The Cardinal Greenway has added 14 more miles of paved trail for your walking and biking pleasure.
For those whose wanderlust seeks the space of a long-lasting horizon, the Cardinal Greenway may be your solution.
It is the longest rail-trail in Indiana - 62 miles. It was designated a National Recreational Trail in 2003 and is part of the northern tier of the coast-to-coast American Discovery Trail.
From Richmond in east central Indiana, the trail heads northwest into Losantville, Muncie, Gas City, and Marion, passing through or near a number of historic, educational, or just plain pleasant places to visit. You can walk, bike, or even ride horseback on the separate equestrian trail.
By the way, if your bike’s in the shop or you don’t keep one handy, there are free loaner bikes available from the Wysor Depot, 700 E Wysor Street (765-287-0399), in Muncie.
The southern section of this route roughly parallels U. S. Highway 35, taking you close to Summit Lake State Park and the trout filled waters of Wilbur Wright State Fish and Wildlife Area.
Other places of interest near this end of the Cardinal Greenway include the Levi Coffin State Historic Site of the Underground Railroad at Fountain City; Earlham College with its Joseph Moore Natural History Museum, housing a dinosaur exhibit, birds of prey, local invertebrate fossils, and more; and of course there’s the Indiana Basketball Hall of Fame near Newcastle.
The Wilbur Wright Birthplace and Museum can be visited in Hagerstown, west of Richmond.
To “top” it off, Richmond is just south of Indiana’s highest elevation, Hoosier Hill at 1257 feet, but don’t look for towering mountains; the ice age didn’t carve it that way! Finally, plans are for the Cardinal Greenway to cross the National Road Heritage Trail, which will stretch (when completed) from Richmond to Terre Haute 150 miles away on the western side of the state.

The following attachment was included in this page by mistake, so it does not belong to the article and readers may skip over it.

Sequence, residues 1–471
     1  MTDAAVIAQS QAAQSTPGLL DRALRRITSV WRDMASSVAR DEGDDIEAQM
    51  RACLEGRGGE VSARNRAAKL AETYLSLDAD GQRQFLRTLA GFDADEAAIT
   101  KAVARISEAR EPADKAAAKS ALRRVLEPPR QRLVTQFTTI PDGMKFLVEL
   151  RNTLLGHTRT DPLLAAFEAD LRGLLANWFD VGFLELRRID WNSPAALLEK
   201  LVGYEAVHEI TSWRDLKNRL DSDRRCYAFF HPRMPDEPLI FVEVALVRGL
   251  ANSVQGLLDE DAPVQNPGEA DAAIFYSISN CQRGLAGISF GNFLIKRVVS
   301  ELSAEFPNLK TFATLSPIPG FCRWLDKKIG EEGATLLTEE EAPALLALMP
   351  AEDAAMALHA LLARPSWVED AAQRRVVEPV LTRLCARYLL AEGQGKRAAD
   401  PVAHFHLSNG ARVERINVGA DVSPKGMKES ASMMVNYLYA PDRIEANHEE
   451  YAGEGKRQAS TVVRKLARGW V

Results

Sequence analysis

To the northeast is Prairie Creek Reservoir. An equestrian trail segment parallels the main trail here, and there are additional equestrian miles over a branch trail that follows the lake's western shore.
Continuing on, the non-horse trail comes into the Muncie and Ball State University area. If you wish to do more off-trail exploration, there's the Children's Museum in Muncie.
Ball Sate, named for the family of the canning jar company, has a number of places and things to do and see, including a planetarium and art museum.
The National Model Aviation Museum is found in Muncie too.
Finally, let's not forget as you stride or ride along the Greenway that in the late 1800's to very early 1900's, America's first major and very large oil field was discovered here.
Hence, the names of some of the towns like Gaston and Gas City, Indiana.
Though much was wasted and overdrilling reduced pressure for extraction of the remaining oil, most of it is estimated to still be underground, technologically and economically out of reach-until recently anyway.
These fossil fuel deposits are attributed to this region's very ancient past, when it was located in a tropical latitude, and at times much of it was covered by a biologically rich, shallow sea.
On the northernmost segment of the Cardinal Greenway, you approach Fairmont, west of the trail. It's home to the annual James Dean Festival in September. The city of Marion, Indiana also hosts the annual Mississinewa 1812 Reenactment. A bit further on is the 3200+ acre Mississinewa Lake and its surrounding recreation areas.
Also to be found in and around Marion are Indiana Wesleyan University, the largest private university in Indiana; the Cumberland Covered Bridge, the last one in Grant County, located at the southern edge of Grant County in Mathews, spanning the Mississinewa River; and, quilters take note, the Quilters Hall of Fame is also located in Marion.
One of the more recent natural history finds nearby is in a sinkhole at the Pipe Creek Junior Quarry near Swayzee, Indiana, southwest of Marion.
Within the last two decades, this 5 million year old site has yielded a wide range of fossils, from frogs and turtles to rhinoceros, several species of camel, and a giant land tortoise. So far, it is a unique cache in eastern North America, because the glacial periods were thought to have scattered or destroyed such remains other areas of the Midwest. Isn't it amazing whose feet may have walked the Cardinal Greenway before any of us came along!!!